Cement Import Distribution Terminals

By Christian A. Benavides

1. Cement Import Terminal Scoping Study

For the implementation of a new Cement Import Terminal, the best practice begins with hiring an experienced consultant to perform a Feasibility Study. As a preliminary step, prior to beginning the feasibility study, a scoping study should be executed. The Scoping Study will examine the fundamental aspects to the project.

The Scoping Study should focus on:

    • Preliminary Communications with Port Authority and Government Agencies.
    • Permitting.
    • Preliminary FOB Cement FOB Pricing for Region and Availability.
    • Examination of Possible Site/s location/s.
    • Preliminary Project CapEx, OpEx, Simple Economic Analysis.
    • Preliminary Conceptual Designs.
    • Preliminary Examination of Infrastructure and Logistics.
    • Social and Environmental hurdles.
    • Market Study (if applicable).

The Feasibility will advance elements of the Scoping Study and will additionally cover: 

    • Source pricing to Cement Supply and Transport.
    • Obtaining bids from Vendors and Contractors.
    • Develop Design Criteria, Basic Layouts and Specifications for the Port Facility terminal.
    • Project Schedule and Execution Strategy.
    • Risk Assessment.
    • ROI.

The primary role of the Consultant will be to gather and analyze the data for the Study, while the Owner takes an active role in advancing communications with all relevant stakeholders and consultants, which may include the following: 

Port Authority

Local Government Agencies

    • Consultants.
    • Legal Counsel.
    • Vendors/Contractors.
    • Cement Suppliers.
    • Transport Companies.
    • Unions/Stevedores.

2. Facility Sizing and Design for Optimization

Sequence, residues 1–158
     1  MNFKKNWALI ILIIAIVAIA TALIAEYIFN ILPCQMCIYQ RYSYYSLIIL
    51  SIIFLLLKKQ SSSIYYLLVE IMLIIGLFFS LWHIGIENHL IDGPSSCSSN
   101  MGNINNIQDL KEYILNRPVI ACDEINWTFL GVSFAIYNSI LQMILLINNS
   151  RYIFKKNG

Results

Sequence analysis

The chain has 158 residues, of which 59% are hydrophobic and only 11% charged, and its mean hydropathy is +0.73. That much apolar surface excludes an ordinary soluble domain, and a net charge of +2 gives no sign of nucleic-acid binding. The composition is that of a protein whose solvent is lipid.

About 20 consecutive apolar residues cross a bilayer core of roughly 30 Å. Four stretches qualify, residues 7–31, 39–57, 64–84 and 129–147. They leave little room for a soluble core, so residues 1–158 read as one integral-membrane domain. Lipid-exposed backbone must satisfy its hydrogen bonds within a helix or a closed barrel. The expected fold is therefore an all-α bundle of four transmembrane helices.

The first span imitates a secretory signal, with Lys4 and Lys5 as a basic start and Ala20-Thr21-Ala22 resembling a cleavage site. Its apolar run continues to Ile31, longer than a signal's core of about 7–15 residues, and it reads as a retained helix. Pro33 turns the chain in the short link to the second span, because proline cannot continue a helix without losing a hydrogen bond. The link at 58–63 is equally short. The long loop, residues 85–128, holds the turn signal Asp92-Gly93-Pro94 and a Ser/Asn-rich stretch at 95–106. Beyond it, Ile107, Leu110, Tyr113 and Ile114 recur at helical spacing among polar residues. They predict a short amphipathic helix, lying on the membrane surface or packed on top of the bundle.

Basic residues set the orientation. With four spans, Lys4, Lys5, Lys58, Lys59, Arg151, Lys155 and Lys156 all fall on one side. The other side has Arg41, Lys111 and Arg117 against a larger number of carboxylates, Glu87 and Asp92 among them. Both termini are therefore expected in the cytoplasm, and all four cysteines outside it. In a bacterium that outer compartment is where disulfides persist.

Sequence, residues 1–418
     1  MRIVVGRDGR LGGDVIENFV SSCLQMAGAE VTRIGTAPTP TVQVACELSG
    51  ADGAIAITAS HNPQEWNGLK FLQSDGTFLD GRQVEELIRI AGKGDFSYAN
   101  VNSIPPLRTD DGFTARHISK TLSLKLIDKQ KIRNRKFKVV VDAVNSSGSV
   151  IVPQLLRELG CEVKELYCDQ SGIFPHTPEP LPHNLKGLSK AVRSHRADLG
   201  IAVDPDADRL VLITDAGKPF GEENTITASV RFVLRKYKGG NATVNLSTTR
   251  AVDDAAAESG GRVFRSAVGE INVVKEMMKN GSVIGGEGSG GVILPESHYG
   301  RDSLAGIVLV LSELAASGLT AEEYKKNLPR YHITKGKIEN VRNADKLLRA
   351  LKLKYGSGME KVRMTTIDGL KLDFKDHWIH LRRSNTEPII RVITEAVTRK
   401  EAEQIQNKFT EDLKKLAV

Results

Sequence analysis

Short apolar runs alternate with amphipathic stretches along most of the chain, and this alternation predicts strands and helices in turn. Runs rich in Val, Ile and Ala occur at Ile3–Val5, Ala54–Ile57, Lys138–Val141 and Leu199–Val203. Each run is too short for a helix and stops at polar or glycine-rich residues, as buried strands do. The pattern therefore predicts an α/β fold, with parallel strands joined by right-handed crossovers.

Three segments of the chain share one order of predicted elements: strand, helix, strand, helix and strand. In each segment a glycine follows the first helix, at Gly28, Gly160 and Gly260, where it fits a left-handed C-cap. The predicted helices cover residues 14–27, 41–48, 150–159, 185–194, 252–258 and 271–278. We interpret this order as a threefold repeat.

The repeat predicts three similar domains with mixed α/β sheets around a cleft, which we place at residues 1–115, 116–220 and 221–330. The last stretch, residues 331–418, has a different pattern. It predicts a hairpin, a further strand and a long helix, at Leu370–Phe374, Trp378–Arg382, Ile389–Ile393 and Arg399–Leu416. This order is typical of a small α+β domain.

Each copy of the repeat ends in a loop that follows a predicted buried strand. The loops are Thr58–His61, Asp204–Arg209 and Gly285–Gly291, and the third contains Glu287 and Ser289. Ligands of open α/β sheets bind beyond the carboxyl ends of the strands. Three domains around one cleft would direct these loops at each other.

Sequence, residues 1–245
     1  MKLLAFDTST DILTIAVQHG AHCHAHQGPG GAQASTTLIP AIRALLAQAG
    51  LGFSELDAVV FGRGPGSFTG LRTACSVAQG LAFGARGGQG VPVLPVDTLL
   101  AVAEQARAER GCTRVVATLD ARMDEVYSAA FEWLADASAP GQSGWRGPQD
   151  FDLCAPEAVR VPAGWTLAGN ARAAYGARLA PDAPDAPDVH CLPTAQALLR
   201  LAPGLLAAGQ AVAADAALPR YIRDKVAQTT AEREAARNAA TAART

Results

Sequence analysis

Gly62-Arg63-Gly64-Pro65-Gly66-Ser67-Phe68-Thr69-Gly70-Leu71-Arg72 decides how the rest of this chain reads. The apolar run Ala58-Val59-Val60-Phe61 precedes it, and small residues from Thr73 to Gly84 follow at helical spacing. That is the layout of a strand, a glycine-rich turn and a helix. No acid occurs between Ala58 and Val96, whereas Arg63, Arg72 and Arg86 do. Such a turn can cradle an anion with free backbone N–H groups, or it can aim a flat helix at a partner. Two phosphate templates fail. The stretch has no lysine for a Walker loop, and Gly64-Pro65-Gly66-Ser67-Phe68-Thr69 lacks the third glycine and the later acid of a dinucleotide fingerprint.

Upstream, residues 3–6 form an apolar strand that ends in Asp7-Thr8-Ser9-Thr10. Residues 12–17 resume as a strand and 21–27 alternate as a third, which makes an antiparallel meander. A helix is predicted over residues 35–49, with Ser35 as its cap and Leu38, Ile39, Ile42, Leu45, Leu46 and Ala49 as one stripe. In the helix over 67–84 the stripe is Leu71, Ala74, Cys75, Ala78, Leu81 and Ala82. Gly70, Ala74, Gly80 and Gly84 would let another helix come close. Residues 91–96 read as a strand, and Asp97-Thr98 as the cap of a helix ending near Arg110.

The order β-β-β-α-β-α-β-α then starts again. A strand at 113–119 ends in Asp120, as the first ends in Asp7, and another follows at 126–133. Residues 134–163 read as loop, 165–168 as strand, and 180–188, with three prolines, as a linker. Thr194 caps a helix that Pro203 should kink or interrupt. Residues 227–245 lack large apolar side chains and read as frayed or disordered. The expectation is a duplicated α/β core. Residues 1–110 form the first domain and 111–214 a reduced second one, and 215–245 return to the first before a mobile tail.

In order to optimize operations to improve margins per ton of cement, it’s important to understand all the variables. These variables need to be examined and weighed against each other to determine the best facility type, size and level of automation. The variables considered include:

    • Cement Shipment Size.
    • Product Turnover .
    • izing of Unloading Equipment.
    • Storage Size Requirements.
    • Facility lot Size and Berth Capabilities.
    • Port Ship Size Limitations.
    • Port Fees.
    • Maintaining Separation of Deliveries.
    • CapEx, OpEx, and Desired Return on Investment.
    • Automation (CapEx) vs. Labor Costs (OpEx).
    • Environmental Requirements.
    • Zoning Restrictions.
    • Any other variable that needs to be considered for the site.

3. Cement Import Termianl Options

3.1. Flat Storage Option

The Cement Flat Storage provides an excellent solution for a low-CapEx storage. Certain factors need to be considered and weighed to determine if a Flat Storage is desirable:

    • Labor costs.
    • Lease costs.
    • Availability of sufficient land area.
    • Lower CapEx is a requirement for project approval.
    • Compartmentalizing.
    • Flexibility with expanding capacity.

Figure 1. Typical Flat Cement Storage with Front-End Loader Reclaim

Reclaim for Flat storage can be handled in several ways. If labor costs are low, it would be preferable to have front loaders that feed a hopper and bucket elevator to fill the truck loadout bins. In locations where labor costs are extremely high, there may be value in the installation of fluidized flooring.

Figure 2. Reclaim for Flat Storage

3.2. Dome Storage Option

Domes provide a good solution for a fully automated operation. There are various configurations that can be designed for specific operational needs. The capital expenditure is expected to be higher than that of a flat storage, but there are benefits of a Dome Storage such as: